5. Foxon, T. J. & Gross, R. & Chase, A. & Howes, J. & Arnall, A. & Anderson, D., 2005. "UK innovation systems for new and renewable energy technologies: drivers, barriers and systems failures," Energy Policy, Elsevier, vol. 33(16), pages 2123-2137, November.
    6. Curci, Ylenia & Mongeau Ospina, Christian A., 2016. "Investigating biofuels through network analysis," Energy Policy, Elsevier, vol. 97(C), pages 60-72.
    7. Valeria Costantini & Francesco Crespi, 2013. "Public policies for a sustainable energy sector: regulation, diversity and fostering of innovation," Journal of Evolutionary Economics, Springer, vol. 23(2), pages 401-429, April.
    8. Aalbers, Rob & Shestalova, Victoria & Kocsis, Viktória, 2013. "Innovation policy for directing technical change in the power sector," Energy Policy, Elsevier, vol. 63(C), pages 1240-1250.
    9. Peura, Pekka, 2013. "From Malthus to sustainable energy—Theoretical orientations to reforming the energy sector," Renewable and Sustainable Energy Reviews, Elsevier, vol. 19(C), pages 309-327.
    10. Nill, Jan & Kemp, Ren, 2009. "Evolutionary approaches for sustainable innovation policies: From niche to paradigm?," Research Policy, Elsevier, vol. 38(4), pages 668-680, May.
    11. Wüstenhagen, Rolf & Menichetti, Emanuela, 2012. "Strategic choices for renewable energy investment: Conceptual framework and opportunities for further research," Energy Policy, Elsevier, vol. 40(C), pages 1-10.
    12. Salm, Sarah & Hille, Stefanie Lena & Wüstenhagen, Rolf, 2016. "What are retail investors' risk-return preferences towards renewable energy projects? A choice experiment in Germany," Energy Policy, Elsevier, vol. 97(C), pages 310-320.
    13. Floater, Graham & Rode, Philipp & Robert, Alexis & Kennedy, Chris & Hoornweg, Dan & Slavcheva, Roxana & Godfrey, Nick, 2014. "Cities and the New Climate Economy: the transformative role of global urban growth," LSE Research Online Documents on Economics 60775, London School of Economics and Political Science, LSE Library.
    14. Plappally, A.K. & Lienhard V, J.H., 2012. "Energy requirements for water production, treatment, end use, reclamation, and disposal," Renewable and Sustainable Energy Reviews, Elsevier, vol. 16(7), pages 4818-4848.
    15. Jin, Wei & Zhang, ZhongXiang, 2016. "On the mechanism of international technology diffusion for energy technological progress," Resource and Energy Economics, Elsevier, vol. 46(C), pages 39-61.
    16. Foxon, Timothy J. & Pearson, Peter J.G. & Arapostathis, Stathis & Carlsson-Hyslop, Anna & Thornton, Judith, 2013. "Branching points for transition pathways: assessing responses of actors to challenges on pathways to a low carbon future," Energy Policy, Elsevier, vol. 52(C), pages 146-158.
    17. Bandyopadhyay, Gopal & Bagheri, Fathollah & Mann, Michael, 2007. "Reduction of fossil fuel emissions in the USA: A holistic approach towards policy formulation," Energy Policy, Elsevier, vol. 35(2), pages 950-965, February.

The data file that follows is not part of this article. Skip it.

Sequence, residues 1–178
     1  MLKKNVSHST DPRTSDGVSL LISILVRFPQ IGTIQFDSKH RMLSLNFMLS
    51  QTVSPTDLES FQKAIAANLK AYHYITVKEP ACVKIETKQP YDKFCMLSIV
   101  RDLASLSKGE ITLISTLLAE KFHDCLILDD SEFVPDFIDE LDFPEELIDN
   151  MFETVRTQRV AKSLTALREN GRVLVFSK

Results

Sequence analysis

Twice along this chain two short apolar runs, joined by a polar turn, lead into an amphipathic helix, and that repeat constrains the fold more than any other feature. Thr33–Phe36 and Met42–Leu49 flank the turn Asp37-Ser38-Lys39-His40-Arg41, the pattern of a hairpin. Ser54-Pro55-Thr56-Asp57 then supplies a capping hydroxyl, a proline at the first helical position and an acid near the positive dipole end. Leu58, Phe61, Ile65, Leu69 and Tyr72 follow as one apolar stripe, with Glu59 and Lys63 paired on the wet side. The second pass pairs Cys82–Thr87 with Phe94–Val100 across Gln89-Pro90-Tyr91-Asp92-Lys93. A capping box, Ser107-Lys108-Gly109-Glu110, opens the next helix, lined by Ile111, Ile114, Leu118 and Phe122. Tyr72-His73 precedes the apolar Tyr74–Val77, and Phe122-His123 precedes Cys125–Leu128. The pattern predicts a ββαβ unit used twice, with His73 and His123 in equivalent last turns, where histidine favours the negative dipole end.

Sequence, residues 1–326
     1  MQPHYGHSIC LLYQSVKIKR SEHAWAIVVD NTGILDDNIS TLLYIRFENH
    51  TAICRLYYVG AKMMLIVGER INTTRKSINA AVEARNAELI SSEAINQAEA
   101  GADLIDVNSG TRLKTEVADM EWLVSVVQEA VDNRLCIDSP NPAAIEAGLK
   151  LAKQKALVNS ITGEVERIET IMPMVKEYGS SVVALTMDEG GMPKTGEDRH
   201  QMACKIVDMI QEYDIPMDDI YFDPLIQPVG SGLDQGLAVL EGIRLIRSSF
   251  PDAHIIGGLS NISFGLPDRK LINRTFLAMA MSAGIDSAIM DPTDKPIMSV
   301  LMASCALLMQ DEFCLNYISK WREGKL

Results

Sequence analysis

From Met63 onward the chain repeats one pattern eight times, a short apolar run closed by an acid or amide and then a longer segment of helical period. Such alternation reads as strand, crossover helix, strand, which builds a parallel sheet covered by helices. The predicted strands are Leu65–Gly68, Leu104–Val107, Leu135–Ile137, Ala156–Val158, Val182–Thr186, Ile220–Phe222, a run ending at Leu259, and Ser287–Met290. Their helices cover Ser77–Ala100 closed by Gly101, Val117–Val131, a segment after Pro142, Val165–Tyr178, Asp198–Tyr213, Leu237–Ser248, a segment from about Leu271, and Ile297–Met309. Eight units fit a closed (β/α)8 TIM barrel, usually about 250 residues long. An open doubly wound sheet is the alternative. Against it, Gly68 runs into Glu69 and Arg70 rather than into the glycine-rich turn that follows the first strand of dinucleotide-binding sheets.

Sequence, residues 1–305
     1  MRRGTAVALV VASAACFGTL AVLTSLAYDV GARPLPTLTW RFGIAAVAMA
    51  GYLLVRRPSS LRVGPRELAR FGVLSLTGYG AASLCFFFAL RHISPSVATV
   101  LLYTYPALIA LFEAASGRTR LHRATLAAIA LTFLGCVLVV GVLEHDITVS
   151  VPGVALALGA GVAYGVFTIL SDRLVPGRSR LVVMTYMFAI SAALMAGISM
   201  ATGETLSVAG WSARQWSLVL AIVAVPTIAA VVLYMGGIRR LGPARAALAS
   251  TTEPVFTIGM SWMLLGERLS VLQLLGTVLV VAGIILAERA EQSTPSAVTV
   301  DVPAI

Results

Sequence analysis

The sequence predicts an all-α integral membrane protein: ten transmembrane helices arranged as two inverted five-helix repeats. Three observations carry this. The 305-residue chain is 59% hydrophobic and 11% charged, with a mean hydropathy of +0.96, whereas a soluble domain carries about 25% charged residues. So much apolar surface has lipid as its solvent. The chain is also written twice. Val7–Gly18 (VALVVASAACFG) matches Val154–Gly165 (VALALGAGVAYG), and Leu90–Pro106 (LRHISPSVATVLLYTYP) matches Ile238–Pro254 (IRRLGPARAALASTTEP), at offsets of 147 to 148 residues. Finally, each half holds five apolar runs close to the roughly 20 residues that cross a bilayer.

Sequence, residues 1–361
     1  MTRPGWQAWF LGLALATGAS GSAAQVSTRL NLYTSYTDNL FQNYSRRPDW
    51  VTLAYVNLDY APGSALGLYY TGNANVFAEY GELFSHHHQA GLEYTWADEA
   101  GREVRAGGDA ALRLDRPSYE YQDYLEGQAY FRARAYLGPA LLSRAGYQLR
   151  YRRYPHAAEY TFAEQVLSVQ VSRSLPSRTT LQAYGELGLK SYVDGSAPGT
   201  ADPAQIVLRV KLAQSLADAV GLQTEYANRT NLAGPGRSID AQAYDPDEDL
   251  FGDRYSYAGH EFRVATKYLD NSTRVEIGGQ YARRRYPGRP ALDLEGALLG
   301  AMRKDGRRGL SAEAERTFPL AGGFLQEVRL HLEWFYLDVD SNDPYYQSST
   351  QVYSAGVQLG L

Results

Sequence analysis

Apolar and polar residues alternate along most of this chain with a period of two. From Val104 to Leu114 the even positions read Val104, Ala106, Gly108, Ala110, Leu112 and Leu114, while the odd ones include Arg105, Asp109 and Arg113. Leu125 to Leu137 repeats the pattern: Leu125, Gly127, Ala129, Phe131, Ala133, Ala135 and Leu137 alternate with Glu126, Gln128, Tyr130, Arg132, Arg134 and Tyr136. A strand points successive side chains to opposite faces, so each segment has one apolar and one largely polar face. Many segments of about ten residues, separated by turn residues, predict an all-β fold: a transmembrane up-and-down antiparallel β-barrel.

18. Abdul-Manan, Amir F.N. & Baharuddin, Azizan & Chang, Lee Wei, 2014. "A detailed survey of the palm and biodiesel industry landscape in Malaysia," Energy, Elsevier, vol. 76(C), pages 931-941.
    19. Yang, Jin & Chen, Bin, 2016. "Energy–water nexus of wind power generation systems," Applied Energy, Elsevier, vol. 169(C), pages 1-13.
    20. Wu, X.D. & Chen, G.Q., 2017. "Energy and water nexus in power generation: The surprisingly high amount of industrial water use induced by solar power infrastructure in China," Applied Energy, Elsevier, vol. 195(C), pages 125-136.

    Corrections

    All material on this site has been provided by the respective publishers and authors. You can help correct errors and omissions. When requesting a correction, please mention this item's handle: RePEc:eee:enepol:v:39:y:2011:i:10:p:6622-6630. See general information about how to correct material in RePEc.

    For technical questions regarding this item, or to correct its authors, title, abstract, bibliographic or download information, contact: (Haili He). General contact details of provider: http://www.elsevier.com/locate/enpol .

    If you have authored this item and are not yet registered with RePEc, we encourage you to do it here. This allows to link your profile to this item. It also allows you to accept potential citations to this item that we are uncertain about.

    If CitEc recognized a reference but did not link an item in RePEc to it, you can help with this form .

    If you know of missing items citing this one, you can help us creating those links by adding the relevant references in the same way as above, for each refering item. If you are a registered author of this item, you may also want to check the "citations" tab in your RePEc Author Service profile, as there may be some citations waiting for confirmation.

    Please note that corrections may take a couple of weeks to filter through the various RePEc services.

    IDEAS is a RePEc service hosted by the Research Division of the Federal Reserve Bank of St. Louis . RePEc uses bibliographic data supplied by the respective publishers.